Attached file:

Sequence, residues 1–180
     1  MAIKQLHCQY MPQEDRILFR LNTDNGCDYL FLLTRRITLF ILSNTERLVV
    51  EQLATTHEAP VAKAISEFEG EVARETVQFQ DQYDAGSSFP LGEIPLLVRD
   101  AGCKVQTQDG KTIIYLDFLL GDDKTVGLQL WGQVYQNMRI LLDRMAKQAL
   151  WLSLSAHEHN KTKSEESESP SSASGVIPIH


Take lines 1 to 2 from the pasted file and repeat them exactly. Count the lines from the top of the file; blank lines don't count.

Sequence, residues 1–180
     1  MAIKQLHCQY MPQEDRILFR LNTDNGCDYL FLLTRRITLF ILSNTERLVV